Willful Ignorance

There’s a wonderful little village that my wife, kids and I visit often.

It has an old wooden windmill at the end of Main Street, right by the water, just above a little beach area.  There’s a perfectly dilapidated but eminently functional Municipal Building in the heart of town that enforces a strict zoning code that has kept McDonald’s and every other modern chain out of the historic district.

You can almost feel the ghost of Herman Melville walking its streets, debating whether or not to cast the Pequod off from the town’s Bay Street dock or keep closer to the facts of the real tragedy of Nantucket’s whale ship Essex.  While he chose to retell the account of the Essex’s First Mate Owen Chase, Melville shouted out with references to our town five times in Moby Dick.

Even the old grocery store that served as inspiration for John Steinbeck’s The Winter of Our Discontent churns out ham salad sandwiches at lunchtime and still flicks its lights five minutes before closing to shoo away idling customers.  You don’t have to go home…but you can’t stay here…

The literary tradition of the town has even perhaps eclipsed its place in history as an early nineteenth century whaling hub par excellence.  How many towns invest almost a million dollars to renovate and expand the local library these days?  The locals and weekenders alike can’t wait for the unveiling.

So it was with no a small amount of shock when the fam and I spotted this text on a sign posted just South of Otter Pond alongside the preferred path of a family of fowl.


If you are familiar with the book Eats, Shoots & Leaves by Lynn Truss, you have undoubtedly just let loose an audible gasp and are still clutching your right hand to your upper chest.

While certainly not as disturbing as the often seen “SLOW CHILDREN AT PLAY” sign—there seem to be quite a number of children with diminished capacities playing with one another—the phrase GO SLOW is, of course, grammatically incorrect.

I don’t feel bad about saying that either. Rather I feel badly when my fingers are cold. BA DUM BUM, grammarian humor…

I’m pleased to report, though, that we haven’t been the only sticks in the mud sighing past the post. Over the summer, we noticed that someone had finally had enough.  He’d taken matters into his own hands and this was the result:

For weeks we smiled past the sign—which coincidentally is just before the graveyard where we whistle—happy that all had been righted in our literary community.

And then, suddenly this:

Had someone in our town, the town of letters, gone mad? If you look closely, you’ll see that the “-ly” has been whited out.

Upon reflection, it seems rather that the old human Resistance to changing our behavior, no matter the evidence that a change is required, trumps even our reliance on the rules of language. One peek on the Internet would confirm that to modify a verb, an adverb is required, which usually simply means adding an –ly.

So to suggest that one move at a diminished pace requires that you ask that one go slowly.

It is no easy thing to change even the smallest thing contrary to what we hold to be true. To the caretaker/maker of the sign, it was far more important to keep things as they always were than to accept that he’d made an error and to allow that error to stand corrected.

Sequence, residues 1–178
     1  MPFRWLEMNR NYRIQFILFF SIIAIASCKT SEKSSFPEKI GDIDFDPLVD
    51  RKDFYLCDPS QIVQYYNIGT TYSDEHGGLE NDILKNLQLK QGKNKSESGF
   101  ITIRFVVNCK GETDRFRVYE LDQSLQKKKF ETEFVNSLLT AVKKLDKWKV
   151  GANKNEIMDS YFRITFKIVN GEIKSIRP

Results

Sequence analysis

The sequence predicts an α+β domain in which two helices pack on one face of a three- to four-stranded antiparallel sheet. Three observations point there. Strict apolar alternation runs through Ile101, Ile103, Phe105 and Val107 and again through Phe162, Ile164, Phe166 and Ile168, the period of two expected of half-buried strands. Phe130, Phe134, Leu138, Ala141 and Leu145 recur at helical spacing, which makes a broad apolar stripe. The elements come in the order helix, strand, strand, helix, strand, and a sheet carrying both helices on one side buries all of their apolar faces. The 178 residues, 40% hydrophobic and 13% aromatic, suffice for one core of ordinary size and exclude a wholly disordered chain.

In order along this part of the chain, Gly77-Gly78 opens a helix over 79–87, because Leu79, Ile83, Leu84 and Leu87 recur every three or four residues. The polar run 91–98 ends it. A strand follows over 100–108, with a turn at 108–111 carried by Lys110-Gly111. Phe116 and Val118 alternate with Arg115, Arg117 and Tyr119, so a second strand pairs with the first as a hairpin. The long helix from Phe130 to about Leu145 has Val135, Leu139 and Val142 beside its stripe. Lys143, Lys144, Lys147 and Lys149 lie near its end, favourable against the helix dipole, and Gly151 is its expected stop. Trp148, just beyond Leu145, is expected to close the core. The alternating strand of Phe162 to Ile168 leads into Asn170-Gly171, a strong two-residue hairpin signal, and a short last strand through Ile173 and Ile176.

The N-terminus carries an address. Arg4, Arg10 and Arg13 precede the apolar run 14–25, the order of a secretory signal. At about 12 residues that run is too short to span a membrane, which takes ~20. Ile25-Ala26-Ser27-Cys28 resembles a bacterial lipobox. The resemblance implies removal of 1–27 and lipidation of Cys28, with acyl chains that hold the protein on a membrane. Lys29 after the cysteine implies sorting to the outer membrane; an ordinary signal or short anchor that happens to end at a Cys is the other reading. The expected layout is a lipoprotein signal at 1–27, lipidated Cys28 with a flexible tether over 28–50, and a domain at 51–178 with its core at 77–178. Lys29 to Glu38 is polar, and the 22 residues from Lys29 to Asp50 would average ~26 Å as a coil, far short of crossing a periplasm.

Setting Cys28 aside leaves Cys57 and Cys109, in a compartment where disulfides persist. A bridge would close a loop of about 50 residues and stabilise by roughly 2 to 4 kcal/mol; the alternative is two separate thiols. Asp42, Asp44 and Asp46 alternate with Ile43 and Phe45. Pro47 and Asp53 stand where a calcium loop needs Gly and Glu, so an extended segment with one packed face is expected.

A sign posted in the public interest (be careful or you’ll kill a duck) should be clear and grammatically correct. If it isn’t, then the sign is no longer in the public interest. It’s only for one person. It’s a reflection of the worldview of its creator, someone who believes that the rules of grammar don’t apply to them.

We all make mistakes.  I screw up grammar and spelling all of the time. I especially have a problem with its and it’s.  And when someone corrects me, it often pisses me off.  But we need the rules of language to be able to communicate as clearly with one another as possible.  Even with the rules, we have a terrible time of it.

Creating something just for you under the guise of creating something for everyone is disingenuous.  A sign created to inform the public about a duck crossing that does not use grammatically correct language is neither in the public’s interest nor the ducks’ interest for that matter.  It is only about the artist who created the sign.  It says “look at me and my concern for wildlife” not “here is some information to help you make an informed choice.”

Now when I pass the sign, I try and think of at least one thing I do myself that willfully ignores truths I’d rather not accept.  Things I know I should change about myself that I choose not to.

Wouldn’t you know it? I have yet to come up with a single one!

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  1. Joel D Canfield on January 2, 2015 at 6:19 am

    If the sign is understandable, it’s doing its job (and and no, I didn’t use it’s and its just to taunt you, Shawn.)

    Artists take liberties with the rules all the time. Friends do, too. How often have two friends looked at each other, uttered something completely meaningless to those around them, and erupted in laughter? Are they allowed to tell a joke that isn’t universally understood? (I think yes.)

    “Truth” is a slippery word, let alone the thing itself. Is it truth in the ultimate sense that a sign must use proper grammar? If so, why are we not discussing the complete lack of punctuation? And all uppercase? Much harder to read, and not strictly correct for a sentence, eh?

    Here’s a “truth” it took me 40 years to accept: language and everything about it is fluid, changing, living. I say if a poet or songwriter could get away with “go slow ducks crossing” we give the smalltown signmaker a pass, too.